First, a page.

Many of them are using Strava, an app that allows runners to interact with each other by giving “kudos” on a friend’s workout. They can also compare times on specific segments of a running route and join clubs and challenges.
“It’s the Instagram for runners,” said Kalea Chu, a sophomore runner at the University of Kansas. “It’s keeping up with your teammates, so you can get back together and be on the same page.”
Facing the possibility of no in-person races this fall, race organizers are also using technology to motivate runners. In June, the New York Road Runners (NYRR), the organization that hosts the annual New York City Marathon, canceled this fall’s marathon — and moved a version of it online.
In October, marathon entrants will have a two-week window to run the 26.2 miles on their own and log the result on Strava as tracked by their phone or GPS watch. Times will be compiled on a NYRR leaderboard.
Christine Burke, senior vice president for NYRR, acknowledged that the virtual races can’t recreate the strategy and tactics that come with an in-person competition. Nor can they adjust for different elevations, weather conditions or even GPS malfunctions around the world.
Still, she said, runners have embraced the concept. Some have even arranged to have family members meet them at the finish line of their personal marathon with a medal.
“The community that’s created through that and the sort of fun competition is really inspiring to watch,” Burke said.
J&A Racing, which hosts marathons in Virginia Beach, Va., is challenging runners to hit 75.7 miles in August — a reference to the area’s 757 telephone area code — and track their progress on an online leaderboard. Other groups are creating music playlists online and digital racing bibs that runners can print and wear during their virtual races, according to Haku, an event management platform that partners with J&A and other race organizers.
“We’re creating a new kind of bucket of runners, because you have this whole group of people who are into wellness and into fitness, but they can’t go to their gyms, they can’t go to their group fitness class,” said Haku’s co-founder, Jackie Levi.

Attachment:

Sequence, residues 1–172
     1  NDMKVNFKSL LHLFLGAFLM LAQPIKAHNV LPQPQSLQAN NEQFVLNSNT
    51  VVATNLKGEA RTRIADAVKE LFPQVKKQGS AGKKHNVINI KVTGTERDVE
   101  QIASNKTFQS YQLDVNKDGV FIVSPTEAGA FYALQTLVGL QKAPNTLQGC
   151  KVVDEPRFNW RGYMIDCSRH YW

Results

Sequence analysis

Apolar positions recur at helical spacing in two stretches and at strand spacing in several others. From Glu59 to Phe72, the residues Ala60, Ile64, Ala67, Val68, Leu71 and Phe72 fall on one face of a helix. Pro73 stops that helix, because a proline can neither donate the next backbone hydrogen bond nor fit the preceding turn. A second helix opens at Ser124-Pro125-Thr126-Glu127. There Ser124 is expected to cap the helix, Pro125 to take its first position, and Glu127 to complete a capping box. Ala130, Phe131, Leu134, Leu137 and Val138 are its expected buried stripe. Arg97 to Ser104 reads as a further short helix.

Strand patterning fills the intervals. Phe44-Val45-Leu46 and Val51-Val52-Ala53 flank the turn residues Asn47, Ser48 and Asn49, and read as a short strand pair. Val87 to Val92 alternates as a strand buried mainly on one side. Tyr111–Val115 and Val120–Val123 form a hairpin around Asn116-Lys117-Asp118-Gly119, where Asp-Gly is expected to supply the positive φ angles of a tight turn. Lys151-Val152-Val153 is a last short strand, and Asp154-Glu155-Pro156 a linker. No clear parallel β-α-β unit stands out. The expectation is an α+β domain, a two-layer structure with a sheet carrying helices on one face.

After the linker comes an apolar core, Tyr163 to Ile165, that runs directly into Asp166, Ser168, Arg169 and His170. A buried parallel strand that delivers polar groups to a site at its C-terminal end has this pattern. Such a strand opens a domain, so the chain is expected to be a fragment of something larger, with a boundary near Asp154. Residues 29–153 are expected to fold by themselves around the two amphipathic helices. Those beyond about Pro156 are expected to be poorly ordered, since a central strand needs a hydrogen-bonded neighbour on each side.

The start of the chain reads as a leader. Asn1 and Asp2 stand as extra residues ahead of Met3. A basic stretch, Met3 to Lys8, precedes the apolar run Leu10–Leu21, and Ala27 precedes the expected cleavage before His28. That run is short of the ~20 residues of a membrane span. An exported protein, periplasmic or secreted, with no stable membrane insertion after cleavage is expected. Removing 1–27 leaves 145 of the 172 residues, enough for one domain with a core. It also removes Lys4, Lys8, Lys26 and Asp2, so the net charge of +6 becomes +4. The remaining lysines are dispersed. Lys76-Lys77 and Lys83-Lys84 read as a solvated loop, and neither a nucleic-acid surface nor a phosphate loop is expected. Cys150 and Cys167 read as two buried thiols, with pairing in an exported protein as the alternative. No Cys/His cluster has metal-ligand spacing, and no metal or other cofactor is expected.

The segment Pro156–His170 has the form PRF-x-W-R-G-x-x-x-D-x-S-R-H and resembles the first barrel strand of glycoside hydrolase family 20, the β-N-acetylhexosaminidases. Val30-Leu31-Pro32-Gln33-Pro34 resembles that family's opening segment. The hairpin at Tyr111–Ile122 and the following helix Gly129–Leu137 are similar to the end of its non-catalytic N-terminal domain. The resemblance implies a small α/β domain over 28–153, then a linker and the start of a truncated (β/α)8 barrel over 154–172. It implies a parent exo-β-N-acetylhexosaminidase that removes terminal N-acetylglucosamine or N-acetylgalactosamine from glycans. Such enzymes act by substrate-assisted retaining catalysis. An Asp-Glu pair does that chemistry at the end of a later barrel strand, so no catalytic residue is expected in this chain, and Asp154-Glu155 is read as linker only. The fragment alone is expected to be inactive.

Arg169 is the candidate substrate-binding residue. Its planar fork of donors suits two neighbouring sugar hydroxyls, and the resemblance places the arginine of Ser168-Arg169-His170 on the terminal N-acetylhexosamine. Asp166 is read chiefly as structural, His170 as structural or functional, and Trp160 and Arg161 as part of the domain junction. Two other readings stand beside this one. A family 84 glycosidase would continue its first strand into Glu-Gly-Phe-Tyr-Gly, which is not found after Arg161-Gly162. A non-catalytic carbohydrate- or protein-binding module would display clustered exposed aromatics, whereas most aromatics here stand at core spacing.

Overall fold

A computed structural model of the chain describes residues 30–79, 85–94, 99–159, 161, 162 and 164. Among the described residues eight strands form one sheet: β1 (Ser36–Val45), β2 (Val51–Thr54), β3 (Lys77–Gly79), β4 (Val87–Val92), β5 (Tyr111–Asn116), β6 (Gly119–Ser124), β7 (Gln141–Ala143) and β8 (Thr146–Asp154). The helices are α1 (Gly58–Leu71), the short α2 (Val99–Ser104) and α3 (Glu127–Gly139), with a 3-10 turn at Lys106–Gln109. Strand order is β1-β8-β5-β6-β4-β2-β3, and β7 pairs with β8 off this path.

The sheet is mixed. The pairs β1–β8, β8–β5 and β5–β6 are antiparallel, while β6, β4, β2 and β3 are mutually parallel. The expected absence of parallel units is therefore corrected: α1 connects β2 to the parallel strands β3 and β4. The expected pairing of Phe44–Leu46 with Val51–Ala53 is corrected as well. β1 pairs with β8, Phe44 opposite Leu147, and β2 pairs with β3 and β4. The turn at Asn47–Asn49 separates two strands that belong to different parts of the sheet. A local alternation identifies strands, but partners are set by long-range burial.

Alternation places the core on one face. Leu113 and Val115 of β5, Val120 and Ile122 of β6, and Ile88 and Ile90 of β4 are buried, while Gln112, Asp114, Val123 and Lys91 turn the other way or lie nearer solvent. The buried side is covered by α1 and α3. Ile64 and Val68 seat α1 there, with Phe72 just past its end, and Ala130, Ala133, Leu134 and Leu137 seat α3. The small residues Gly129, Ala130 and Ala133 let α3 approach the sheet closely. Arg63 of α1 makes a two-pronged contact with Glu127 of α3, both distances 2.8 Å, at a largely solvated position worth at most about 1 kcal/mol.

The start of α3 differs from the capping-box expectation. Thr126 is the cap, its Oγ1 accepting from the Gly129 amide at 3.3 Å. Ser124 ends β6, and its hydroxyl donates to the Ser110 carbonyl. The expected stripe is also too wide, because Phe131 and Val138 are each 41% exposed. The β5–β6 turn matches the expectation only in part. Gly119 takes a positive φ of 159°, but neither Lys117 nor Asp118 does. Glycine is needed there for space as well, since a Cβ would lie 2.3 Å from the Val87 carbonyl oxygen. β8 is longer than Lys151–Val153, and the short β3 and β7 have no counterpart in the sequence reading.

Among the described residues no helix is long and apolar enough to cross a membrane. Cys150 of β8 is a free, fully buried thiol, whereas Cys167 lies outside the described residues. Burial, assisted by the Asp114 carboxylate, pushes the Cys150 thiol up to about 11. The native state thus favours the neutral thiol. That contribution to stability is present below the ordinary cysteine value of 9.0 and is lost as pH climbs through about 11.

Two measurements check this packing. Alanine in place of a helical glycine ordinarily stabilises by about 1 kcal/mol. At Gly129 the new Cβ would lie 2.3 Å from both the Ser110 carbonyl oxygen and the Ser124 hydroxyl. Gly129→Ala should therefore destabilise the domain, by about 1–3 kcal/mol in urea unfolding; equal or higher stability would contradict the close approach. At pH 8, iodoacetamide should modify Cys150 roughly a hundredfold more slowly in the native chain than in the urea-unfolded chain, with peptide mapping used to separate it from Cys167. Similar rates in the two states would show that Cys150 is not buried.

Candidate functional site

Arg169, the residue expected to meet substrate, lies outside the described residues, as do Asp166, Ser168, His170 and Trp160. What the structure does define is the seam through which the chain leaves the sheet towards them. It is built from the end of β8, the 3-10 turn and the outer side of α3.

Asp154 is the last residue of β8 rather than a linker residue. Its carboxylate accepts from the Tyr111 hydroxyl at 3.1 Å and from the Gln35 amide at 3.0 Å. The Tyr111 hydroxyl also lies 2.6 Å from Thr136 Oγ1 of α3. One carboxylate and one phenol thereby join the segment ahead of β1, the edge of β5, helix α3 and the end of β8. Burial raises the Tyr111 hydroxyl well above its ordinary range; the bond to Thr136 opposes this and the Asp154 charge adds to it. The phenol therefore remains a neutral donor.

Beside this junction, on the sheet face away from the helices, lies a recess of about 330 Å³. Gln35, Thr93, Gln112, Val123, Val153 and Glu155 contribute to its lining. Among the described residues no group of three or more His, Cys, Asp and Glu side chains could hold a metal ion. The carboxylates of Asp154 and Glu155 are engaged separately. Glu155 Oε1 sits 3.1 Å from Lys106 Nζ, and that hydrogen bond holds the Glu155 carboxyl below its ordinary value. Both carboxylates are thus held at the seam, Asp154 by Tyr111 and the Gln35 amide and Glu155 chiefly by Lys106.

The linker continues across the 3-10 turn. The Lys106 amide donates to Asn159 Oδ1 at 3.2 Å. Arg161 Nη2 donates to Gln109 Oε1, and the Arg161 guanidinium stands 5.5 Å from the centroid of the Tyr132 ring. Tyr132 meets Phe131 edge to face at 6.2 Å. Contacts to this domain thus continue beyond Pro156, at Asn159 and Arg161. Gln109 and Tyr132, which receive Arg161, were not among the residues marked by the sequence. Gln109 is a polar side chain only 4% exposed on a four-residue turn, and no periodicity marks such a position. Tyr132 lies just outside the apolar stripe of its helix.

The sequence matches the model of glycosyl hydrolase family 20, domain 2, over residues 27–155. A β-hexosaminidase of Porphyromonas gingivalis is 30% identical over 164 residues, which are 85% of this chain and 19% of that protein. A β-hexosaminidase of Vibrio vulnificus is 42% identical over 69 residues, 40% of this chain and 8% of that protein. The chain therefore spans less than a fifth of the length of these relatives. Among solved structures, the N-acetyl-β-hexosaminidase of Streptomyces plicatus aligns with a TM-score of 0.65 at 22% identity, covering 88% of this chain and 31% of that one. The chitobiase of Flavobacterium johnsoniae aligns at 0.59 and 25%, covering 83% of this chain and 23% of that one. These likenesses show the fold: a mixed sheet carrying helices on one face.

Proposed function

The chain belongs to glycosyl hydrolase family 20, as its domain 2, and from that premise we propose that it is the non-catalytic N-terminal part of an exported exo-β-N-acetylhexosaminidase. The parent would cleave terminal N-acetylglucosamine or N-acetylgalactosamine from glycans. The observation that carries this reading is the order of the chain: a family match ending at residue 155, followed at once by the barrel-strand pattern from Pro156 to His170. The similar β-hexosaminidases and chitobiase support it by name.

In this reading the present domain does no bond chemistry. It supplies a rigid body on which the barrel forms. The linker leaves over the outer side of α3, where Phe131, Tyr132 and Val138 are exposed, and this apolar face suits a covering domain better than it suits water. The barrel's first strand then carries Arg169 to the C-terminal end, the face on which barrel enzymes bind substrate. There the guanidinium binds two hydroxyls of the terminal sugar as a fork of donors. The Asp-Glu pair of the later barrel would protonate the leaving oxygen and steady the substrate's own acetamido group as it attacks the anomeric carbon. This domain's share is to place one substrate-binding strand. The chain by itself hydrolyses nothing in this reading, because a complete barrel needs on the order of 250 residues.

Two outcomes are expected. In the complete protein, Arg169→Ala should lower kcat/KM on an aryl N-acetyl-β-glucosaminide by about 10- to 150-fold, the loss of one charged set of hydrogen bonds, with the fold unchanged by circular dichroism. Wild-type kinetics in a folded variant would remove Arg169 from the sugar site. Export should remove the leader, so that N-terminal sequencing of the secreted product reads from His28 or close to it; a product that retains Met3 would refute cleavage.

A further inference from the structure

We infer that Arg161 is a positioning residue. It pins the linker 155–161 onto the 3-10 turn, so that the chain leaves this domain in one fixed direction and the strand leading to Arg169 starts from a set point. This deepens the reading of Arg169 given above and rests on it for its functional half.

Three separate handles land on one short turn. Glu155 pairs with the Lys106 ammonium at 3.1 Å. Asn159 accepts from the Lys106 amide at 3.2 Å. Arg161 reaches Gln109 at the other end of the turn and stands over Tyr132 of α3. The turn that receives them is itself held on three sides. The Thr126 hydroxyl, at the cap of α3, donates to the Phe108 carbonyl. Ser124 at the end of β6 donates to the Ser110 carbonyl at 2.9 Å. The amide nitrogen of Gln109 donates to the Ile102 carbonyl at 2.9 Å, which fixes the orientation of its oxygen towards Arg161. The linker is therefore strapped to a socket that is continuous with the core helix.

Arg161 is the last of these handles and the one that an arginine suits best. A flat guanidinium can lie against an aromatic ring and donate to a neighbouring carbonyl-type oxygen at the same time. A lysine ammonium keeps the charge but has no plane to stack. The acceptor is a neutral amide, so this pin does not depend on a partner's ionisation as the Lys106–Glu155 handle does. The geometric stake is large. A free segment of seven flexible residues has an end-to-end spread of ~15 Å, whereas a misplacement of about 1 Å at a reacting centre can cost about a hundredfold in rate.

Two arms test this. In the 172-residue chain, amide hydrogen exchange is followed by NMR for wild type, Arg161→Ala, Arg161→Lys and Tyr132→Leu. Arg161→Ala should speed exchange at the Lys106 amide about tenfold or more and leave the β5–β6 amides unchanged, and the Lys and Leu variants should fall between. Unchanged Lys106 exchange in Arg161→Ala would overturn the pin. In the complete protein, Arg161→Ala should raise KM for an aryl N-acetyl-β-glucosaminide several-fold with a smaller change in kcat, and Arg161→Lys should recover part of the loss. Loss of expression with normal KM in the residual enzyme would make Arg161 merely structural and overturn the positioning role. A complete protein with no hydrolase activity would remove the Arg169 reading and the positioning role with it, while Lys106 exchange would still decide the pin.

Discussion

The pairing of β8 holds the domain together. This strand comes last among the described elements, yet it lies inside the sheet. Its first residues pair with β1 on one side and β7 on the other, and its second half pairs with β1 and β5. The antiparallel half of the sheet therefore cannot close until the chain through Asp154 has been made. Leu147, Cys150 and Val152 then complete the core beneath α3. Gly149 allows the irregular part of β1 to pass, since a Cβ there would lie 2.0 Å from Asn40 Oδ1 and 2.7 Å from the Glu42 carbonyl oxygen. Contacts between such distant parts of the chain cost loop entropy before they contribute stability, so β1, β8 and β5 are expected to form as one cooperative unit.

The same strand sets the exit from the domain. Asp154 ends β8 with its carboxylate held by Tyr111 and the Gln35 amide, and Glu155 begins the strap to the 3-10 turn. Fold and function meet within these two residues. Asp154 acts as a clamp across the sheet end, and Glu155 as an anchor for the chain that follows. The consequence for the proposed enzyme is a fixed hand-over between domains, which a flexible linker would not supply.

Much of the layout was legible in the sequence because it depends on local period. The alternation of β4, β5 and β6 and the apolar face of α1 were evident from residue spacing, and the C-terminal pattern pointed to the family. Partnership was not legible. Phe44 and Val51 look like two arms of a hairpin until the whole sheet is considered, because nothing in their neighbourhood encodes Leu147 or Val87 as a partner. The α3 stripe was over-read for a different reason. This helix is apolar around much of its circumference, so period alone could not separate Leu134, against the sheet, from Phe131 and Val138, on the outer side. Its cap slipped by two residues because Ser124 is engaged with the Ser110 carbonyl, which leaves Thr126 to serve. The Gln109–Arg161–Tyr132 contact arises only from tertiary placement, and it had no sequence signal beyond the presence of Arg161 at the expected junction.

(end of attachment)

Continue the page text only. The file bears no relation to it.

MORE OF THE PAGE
NYRR has seen an increase in the number of participants in its virtual races for 2020. The group had about 22,000 finishers in its two virtual race events this year, up from about 15,000 in 2019. The organization also added two new virtual competitions this spring, each of which had more than 10,000 finishers.
And today, at least 30 athletes at seven different tracks on three continents, including star U.S. sprinters like Allyson Felix and Noah Lyles, will compete in the Inspiration Games, which includes five virtual short-distance running races and three field events. Felix will run alone at a track in California while two competitors race against her simultaneously thousands of miles away, synced up and timed using satellite technology.
But virtual racing can tide the pros over only for so long.
Emma Coburn, the 3,000-meter steeplechase world champion, Olympic bronze medalist and American record-holder, was able to let out some of her pent-up energy with a real race in June, when she ran a 4 minute, 32 second mile, breaking the Colorado state record in a miniature track meet limited to members of her professional track club.
“We can’t replace our competitive needs by just a virtual run,” Coburn said, adding that she does think virtual racing has “opened the world up” as runners from different countries race each other.